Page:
This is the second in a series of stories examining the murder of 21-year-old Poe Black. The first story is linked here.
By Richard M. Brown | SLAB CITY, Ca. – Months after the body of a 21-year-old transgender man, Poe Delwyn Black, was pulled from a canal north of Slab City riddled with stab wounds, investigators have shifted the theater of the murder probe in two directions: Black’s home state of Tennessee and the Pacific Northwest.
Imperial County Sheriff’s Office investigators have exhausted their local leads and lost track of two individuals — possibly traveling together — in a winnowing list of “persons of interest,” Chief Deputy Robert Benavidez said in an interview last week.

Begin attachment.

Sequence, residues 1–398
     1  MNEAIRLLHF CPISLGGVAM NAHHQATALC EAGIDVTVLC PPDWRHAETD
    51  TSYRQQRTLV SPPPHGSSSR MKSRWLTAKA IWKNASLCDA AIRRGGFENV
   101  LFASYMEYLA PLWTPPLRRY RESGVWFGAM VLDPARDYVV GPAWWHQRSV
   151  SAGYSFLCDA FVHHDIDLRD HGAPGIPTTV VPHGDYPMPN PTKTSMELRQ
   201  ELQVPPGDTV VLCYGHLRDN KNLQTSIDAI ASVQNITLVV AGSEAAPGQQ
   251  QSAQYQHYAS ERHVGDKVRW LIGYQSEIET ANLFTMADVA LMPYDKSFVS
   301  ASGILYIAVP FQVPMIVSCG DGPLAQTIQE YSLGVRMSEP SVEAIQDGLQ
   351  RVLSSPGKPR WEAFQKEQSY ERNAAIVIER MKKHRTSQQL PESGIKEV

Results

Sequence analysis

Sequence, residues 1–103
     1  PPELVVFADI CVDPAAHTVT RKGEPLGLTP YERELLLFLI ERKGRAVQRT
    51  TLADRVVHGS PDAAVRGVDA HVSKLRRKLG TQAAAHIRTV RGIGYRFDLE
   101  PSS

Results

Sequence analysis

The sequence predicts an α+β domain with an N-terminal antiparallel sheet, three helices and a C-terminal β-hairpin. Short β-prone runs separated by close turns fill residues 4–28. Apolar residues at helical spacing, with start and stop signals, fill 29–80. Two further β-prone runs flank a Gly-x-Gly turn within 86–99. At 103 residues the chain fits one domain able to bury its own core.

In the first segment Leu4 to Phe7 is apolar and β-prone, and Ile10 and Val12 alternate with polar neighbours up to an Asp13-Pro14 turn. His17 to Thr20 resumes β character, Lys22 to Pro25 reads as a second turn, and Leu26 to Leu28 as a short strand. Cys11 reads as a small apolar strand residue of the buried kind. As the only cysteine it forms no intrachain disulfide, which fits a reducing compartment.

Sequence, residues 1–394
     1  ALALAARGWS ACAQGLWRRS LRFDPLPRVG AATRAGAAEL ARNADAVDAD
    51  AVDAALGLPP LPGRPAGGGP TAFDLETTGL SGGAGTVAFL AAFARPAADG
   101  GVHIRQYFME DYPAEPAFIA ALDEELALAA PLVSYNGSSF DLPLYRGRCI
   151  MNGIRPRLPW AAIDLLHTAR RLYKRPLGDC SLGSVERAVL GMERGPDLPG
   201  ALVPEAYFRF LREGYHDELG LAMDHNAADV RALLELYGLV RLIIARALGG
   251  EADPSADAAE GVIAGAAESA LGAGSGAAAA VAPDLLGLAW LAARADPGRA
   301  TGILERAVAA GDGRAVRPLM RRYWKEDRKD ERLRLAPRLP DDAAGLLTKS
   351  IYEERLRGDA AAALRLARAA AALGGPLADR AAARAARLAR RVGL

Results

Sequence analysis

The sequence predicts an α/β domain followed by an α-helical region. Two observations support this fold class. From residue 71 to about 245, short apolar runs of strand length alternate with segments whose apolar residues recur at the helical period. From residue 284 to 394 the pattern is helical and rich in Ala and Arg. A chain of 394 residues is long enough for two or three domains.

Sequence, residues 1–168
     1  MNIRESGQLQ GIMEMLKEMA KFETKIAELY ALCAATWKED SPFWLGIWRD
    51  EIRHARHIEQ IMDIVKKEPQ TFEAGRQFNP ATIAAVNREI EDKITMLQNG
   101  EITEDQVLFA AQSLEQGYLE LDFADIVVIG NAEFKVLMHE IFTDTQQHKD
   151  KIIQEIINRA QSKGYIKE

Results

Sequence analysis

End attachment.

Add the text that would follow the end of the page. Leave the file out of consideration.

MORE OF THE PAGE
Investigators took to social media on Wednesday, Sept. 15, to elicit the public’s help in locating a trans woman who investigators identify as “Knives,” among other aliases.
Knives’ legal name is unknown at this point, Benavidez said, but investigators believe, based on prior interviews, that the “person of interest” left Slab City with the domestic partner that Black arrived in Imperial County with from their native Nashville in winter 2020.
The domestic partner, whom Benavidez would not identify, is also a “person of interest,” the chief deputy explained during an interview on Sept. 9.
“We’ve reached out to the hometown of both to look into any local reports or instances of any altercations with the initial lover/domestic partner, to see if there’s anything there,” he said.